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Hick's Law in User Experience Design: More not always merrier.

Updated: Jan 1

A person staring at a wide variety of drink options at a store, not able to chose one.

Have you ever been overwhelmed by the endless choices while shopping, ultimately leaving in frustration without buying? Or worse, buying something you didn't want in the first place. Perhaps you've been stuck in front of a restaurant menu with so many options that you couldn't decide what to order? If you've experienced this, you've encountered Hick's Law in action – and it's a crucial principle in the world of user experience design.


Hick's Law in a Nutshell


William Edmund Hick's wisdom boils down to this: the more options you have, the longer it takes to make a decision. In the UX world, understanding and applying Hick's Law can lead to designs that are user-friendly and reduce decision fatigue.


Here's how Hick's Law can be applied effectively to your designs.


1. Limit Menu Choices


A person using the bottom navigation bars on an app.

If your design uses menu structures, minimize the number of options available at each level. Use clear and concise labels to guide users efficiently. Dropdown menus and hierarchical navigation can help prevent overwhelming users with too many choices at once.


2. Curated Recommendations


A music player app providing personalized recommendations for its user.

Offer personalized recommendations based on user preferences for content-heavy platforms like streaming services or e-commerce websites. Reduce the number of choices by presenting tailored content options, which can lead to quicker decisions.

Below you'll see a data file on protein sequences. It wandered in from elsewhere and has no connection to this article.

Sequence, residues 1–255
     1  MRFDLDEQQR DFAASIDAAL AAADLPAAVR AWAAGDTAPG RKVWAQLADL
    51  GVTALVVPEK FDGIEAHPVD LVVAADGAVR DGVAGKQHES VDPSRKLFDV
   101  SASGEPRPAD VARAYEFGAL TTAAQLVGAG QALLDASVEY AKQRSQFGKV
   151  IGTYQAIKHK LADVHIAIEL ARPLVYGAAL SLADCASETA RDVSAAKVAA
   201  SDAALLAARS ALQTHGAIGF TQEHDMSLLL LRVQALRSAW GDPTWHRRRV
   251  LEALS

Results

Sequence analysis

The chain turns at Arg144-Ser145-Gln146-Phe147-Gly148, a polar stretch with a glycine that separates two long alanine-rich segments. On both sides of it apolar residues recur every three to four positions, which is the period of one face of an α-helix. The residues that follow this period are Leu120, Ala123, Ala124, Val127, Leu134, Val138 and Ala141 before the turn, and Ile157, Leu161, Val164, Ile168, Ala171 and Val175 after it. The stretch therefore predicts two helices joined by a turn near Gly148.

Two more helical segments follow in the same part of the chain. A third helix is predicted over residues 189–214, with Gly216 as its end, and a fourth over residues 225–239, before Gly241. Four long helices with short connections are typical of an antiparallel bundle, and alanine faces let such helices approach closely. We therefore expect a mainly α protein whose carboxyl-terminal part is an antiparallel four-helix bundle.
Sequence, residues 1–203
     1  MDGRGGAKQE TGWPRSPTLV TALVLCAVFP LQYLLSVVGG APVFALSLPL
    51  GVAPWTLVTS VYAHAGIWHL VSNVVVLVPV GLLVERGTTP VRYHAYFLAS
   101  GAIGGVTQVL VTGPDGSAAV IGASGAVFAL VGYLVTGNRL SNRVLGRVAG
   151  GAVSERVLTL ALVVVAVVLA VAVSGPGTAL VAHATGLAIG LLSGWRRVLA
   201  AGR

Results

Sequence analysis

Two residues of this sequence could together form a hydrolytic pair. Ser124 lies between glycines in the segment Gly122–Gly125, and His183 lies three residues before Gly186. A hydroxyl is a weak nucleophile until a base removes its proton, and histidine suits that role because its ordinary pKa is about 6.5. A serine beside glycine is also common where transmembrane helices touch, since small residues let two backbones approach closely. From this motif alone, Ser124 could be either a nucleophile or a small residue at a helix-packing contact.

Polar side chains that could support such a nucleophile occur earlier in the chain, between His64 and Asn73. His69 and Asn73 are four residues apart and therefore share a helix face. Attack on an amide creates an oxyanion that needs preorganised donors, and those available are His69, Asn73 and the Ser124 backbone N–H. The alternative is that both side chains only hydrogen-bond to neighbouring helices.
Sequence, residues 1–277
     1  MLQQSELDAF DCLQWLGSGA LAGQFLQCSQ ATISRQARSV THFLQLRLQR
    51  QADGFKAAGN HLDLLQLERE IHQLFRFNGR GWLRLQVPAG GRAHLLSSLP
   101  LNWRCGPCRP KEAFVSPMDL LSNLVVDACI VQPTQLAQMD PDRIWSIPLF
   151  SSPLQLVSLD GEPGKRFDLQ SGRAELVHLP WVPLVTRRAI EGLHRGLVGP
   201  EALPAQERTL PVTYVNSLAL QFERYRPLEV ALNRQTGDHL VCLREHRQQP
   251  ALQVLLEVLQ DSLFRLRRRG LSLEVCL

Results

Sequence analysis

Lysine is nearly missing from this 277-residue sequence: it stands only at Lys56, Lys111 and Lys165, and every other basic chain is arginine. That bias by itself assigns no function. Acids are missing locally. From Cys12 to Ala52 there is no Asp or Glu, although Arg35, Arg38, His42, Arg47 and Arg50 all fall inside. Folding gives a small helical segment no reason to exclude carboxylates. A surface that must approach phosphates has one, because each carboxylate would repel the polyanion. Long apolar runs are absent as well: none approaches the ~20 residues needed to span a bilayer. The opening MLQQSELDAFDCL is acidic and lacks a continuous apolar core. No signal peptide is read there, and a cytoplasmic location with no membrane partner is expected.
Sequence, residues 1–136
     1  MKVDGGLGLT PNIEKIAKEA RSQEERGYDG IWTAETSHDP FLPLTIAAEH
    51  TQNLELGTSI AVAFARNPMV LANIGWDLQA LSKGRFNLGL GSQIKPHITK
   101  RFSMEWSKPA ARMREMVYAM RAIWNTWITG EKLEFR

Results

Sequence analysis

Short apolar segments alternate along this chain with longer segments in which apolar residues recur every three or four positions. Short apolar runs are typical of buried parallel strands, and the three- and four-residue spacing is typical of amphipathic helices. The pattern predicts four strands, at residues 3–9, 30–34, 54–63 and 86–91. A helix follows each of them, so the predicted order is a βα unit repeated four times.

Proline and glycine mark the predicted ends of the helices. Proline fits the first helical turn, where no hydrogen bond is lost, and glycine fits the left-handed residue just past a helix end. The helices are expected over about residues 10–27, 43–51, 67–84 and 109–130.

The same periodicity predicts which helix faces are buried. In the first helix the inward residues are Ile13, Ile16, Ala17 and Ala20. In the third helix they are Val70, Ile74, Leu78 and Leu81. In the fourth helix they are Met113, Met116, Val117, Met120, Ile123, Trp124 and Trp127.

3. Progressive Disclosure


A sign up form that asks for just the necessary info before asking the user for more details.

When designing forms, start with essential fields and progressively reveal additional options. This way, users can focus on the immediate task without feeling overwhelmed by a long list of input fields. Progressive disclosure can be very useful when you are trying to design an onboarding process for your product.


4. Prioritize Information


An weather app dashboard with the most important information like temperature and air quality at the top, water and noise  pollution indices below, and traffic data at the very bottom. All prioritized according to what the user uses most.

Arrange elements on the interface based on their importance or frequency of use. More critical elements should be more accessible and prominent, while less important ones can be less conspicuous.


In Sum: Keep it Simple


Hick's Law isn't rocket science; it's about simplifying. Less choice, less headache, more delight. Whether it's a tidy app layout, personalized tips, or decluttered search results, products designed with Hick's Law in mind keep users happy and engaged.


More isn't always merrier.

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